6. Further Studies on Oxalic Acid Biosynthesis in Oxalate-accumulating Plants 1

    Science.gov (United States)

    Nuss, Richard F.; Loewus, Frank A.

    1978-01-01

    l-Ascorbic acid functions as a precursor of oxalic acid in several oxalate-accumulating plants. The present study extends this observation to include Rumex crispus L. (curly dock), Amaranthus retroflexus L. (red root pigweed), Chenopodium album L. (lamb's-quarters), Beta vulgaris L. (sugar beet), Halogeton glomeratus M. Bieb. (halogeton), and Rheum rhabarbarum L. (rhubarb). Several species with low oxalate content are also examined. When l-[1-14C]ascorbic acid is supplied to young seedlings of R. crispus or H. glomeratus, a major portion of the 14C is released over a 24-hour period as 14CO2 and only a small portion is recovered as [14C]oxalate, unlike cuttings from 2- or 4-month-old plants which retain a large part of the 14C as [14C]oxalic acid and release very little 14CO2. Support for an intermediate role of oxalate in the release of 14CO2 from l-[1-14C]ascorbic acid is seen in the rapid release of 14CO2 by R. crispus and H. glomeratus seedlings labeled with [14C]oxalic acid. The common origin of oxalic acid carbon in the C1 and C2 fragment from l-ascorbic acid is demonstrated by comparison of 14C content of oxalic acid in several oxalate-accumulators after cuttings or seedlings are supplied equal amounts of l-[1-14C]- or l-[UL-14C]ascorbic acid. Theoretically, l-[1-14C]ascorbic acid will produce labeled oxalic acid containing three times as much 14C as l-[UL-14C]ascorbic acid when equal amounts of label are provided. Experimentally, a ratio of 2.7 ± 0.5 is obtained in duplicate experiments with six different species. PMID:16660342

  7. Further Studies on Oxalic Acid Biosynthesis in Oxalate-accumulating Plants.

    Science.gov (United States)

    Nuss, R F; Loewus, F A

    1978-04-01

    l-Ascorbic acid functions as a precursor of oxalic acid in several oxalate-accumulating plants. The present study extends this observation to include Rumex crispus L. (curly dock), Amaranthus retroflexus L. (red root pigweed), Chenopodium album L. (lamb's-quarters), Beta vulgaris L. (sugar beet), Halogeton glomeratus M. Bieb. (halogeton), and Rheum rhabarbarum L. (rhubarb). Several species with low oxalate content are also examined.When l-[1-(14)C]ascorbic acid is supplied to young seedlings of R. crispus or H. glomeratus, a major portion of the (14)C is released over a 24-hour period as (14)CO(2) and only a small portion is recovered as [(14)C]oxalate, unlike cuttings from 2- or 4-month-old plants which retain a large part of the (14)C as [(14)C]oxalic acid and release very little (14)CO(2). Support for an intermediate role of oxalate in the release of (14)CO(2) from l-[1-(14)C]ascorbic acid is seen in the rapid release of (14)CO(2) by R. crispus and H. glomeratus seedlings labeled with [(14)C]oxalic acid.The common origin of oxalic acid carbon in the C1 and C2 fragment from l-ascorbic acid is demonstrated by comparison of (14)C content of oxalic acid in several oxalate-accumulators after cuttings or seedlings are supplied equal amounts of l-[1-(14)C]- or l-[UL-(14)C]ascorbic acid. Theoretically, l-[1-(14)C]ascorbic acid will produce labeled oxalic acid containing three times as much (14)C as l-[UL-(14)C]ascorbic acid when equal amounts of label are provided. Experimentally, a ratio of 2.7 +/- 0.5 is obtained in duplicate experiments with six different species.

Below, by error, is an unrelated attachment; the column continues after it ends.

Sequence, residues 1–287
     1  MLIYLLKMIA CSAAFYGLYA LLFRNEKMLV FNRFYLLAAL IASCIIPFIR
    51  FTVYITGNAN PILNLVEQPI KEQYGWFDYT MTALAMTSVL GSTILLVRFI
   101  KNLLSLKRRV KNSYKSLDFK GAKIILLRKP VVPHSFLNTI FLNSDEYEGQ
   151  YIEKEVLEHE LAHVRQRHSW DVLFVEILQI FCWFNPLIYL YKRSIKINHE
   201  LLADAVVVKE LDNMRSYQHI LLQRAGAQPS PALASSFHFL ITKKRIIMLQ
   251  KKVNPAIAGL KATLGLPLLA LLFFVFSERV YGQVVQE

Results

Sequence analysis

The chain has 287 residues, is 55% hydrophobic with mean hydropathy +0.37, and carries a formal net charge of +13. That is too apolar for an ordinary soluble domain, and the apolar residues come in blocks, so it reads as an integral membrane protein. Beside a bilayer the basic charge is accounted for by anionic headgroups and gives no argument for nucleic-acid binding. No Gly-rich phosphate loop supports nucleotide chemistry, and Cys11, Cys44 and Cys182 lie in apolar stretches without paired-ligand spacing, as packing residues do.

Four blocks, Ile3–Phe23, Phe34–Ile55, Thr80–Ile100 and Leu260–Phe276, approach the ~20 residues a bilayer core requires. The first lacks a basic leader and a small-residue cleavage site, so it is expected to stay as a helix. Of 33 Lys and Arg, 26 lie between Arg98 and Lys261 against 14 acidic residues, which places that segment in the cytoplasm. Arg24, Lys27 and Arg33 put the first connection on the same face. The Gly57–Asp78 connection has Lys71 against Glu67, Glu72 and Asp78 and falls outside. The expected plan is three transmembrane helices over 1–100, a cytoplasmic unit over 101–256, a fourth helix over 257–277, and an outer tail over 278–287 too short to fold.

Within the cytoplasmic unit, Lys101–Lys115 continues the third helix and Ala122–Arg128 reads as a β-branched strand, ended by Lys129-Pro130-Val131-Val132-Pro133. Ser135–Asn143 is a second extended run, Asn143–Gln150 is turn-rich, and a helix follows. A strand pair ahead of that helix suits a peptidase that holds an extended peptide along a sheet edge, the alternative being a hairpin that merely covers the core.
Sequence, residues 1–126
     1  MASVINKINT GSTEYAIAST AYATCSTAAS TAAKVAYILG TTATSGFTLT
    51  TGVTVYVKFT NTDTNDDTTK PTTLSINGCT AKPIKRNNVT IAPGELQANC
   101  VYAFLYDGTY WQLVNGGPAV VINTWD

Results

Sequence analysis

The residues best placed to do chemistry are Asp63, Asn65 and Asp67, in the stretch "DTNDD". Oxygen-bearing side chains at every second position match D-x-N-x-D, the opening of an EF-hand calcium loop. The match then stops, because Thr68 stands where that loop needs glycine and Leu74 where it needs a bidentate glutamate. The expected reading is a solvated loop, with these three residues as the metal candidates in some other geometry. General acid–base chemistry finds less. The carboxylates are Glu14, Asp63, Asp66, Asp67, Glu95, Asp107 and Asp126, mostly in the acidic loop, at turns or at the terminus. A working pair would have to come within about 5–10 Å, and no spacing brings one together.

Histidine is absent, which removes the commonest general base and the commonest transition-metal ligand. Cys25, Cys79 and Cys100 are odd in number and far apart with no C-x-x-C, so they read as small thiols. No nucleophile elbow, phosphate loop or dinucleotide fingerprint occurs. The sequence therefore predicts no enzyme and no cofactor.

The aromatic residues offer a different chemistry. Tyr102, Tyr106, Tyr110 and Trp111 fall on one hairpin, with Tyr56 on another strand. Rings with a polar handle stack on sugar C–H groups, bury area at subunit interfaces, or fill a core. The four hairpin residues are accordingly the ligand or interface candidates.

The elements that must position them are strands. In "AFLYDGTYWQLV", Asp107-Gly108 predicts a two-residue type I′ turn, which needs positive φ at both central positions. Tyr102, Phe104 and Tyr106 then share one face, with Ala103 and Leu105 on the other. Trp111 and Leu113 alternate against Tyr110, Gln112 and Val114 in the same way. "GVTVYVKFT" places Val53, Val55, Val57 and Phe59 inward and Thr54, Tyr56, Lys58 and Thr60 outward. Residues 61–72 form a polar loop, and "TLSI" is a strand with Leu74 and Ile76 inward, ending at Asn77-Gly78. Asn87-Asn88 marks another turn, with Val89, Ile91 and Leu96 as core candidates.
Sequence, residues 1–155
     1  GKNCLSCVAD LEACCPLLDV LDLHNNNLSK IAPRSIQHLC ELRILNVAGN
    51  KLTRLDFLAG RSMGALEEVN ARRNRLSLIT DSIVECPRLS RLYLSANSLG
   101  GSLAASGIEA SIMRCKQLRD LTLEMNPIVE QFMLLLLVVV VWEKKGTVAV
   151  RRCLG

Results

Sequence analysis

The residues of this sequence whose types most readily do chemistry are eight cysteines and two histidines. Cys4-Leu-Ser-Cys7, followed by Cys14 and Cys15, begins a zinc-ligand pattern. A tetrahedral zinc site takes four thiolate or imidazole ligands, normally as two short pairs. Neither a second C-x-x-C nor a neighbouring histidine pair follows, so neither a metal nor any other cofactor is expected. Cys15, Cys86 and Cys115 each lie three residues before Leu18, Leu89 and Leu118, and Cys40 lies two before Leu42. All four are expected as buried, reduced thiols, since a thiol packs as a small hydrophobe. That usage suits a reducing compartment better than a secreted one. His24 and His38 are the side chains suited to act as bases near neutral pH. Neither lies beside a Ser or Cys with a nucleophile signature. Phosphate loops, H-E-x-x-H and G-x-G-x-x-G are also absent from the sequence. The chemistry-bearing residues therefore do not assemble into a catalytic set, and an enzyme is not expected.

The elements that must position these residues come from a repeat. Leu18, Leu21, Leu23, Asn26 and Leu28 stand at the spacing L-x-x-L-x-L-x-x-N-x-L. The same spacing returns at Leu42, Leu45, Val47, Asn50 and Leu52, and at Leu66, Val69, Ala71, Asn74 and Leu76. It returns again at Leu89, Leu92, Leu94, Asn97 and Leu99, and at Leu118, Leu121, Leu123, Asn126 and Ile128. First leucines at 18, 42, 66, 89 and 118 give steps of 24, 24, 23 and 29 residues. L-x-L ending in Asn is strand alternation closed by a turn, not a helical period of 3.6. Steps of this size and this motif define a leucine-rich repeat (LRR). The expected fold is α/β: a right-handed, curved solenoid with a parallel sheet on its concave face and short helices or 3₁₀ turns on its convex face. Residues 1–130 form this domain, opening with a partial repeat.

8. Salicylic Acid Induction of Flavonoid Biosynthesis Pathways in Wheat Varies by Treatment.

    Science.gov (United States)

    Gondor, Orsolya K; Janda, Tibor; Soós, Vilmos; Pál, Magda; Majláth, Imre; Adak, Malay K; Balázs, Ervin; Szalai, Gabriella

    2016-01-01

    Salicylic acid is a promising compound for the reduction of stress sensitivity in plants. Although several biochemical and physiological changes have been described in plants treated with salicylic acid, the mode of action of the various treatments has not yet been clarified. The present work reports a detailed comparative study on the effects of different modes of salicylic acid application at the physiological, metabolomic, and transcriptomic levels. Seed soaking and hydroponic treatments were found to induce various changes in the protective mechanisms of wheat plants. The possible involvement of the flavonoid metabolism in salicylic acid-related stress signaling was also demonstrated. Different salicylic acid treatments were shown to induce different physiological and biochemical processes, with varying responses in the leaves and roots. Hydroponic treatment enhanced the level of oxidative stress, the expression of genes involved in the flavonoid metabolism and the amount of non-enzymatic antioxidant compounds, namely ortho-hydroxycinnamic acid and the flavonol quercetin in the leaves, while it decreased the ortho-hydroxycinnamic acid and flavonol contents and enhanced ascorbate peroxidase activity in the roots. In contrast, seed soaking only elevated the gene expression level of phenylalanine ammonia lyase in the roots and caused a slight increase in the amount of flavonols. These results draw attention to the fact that the effects of exogenous salicylic acid application cannot be generalized in different experimental systems and that the flavonoid metabolism may be an important part of the action mechanisms induced by salicylic acid.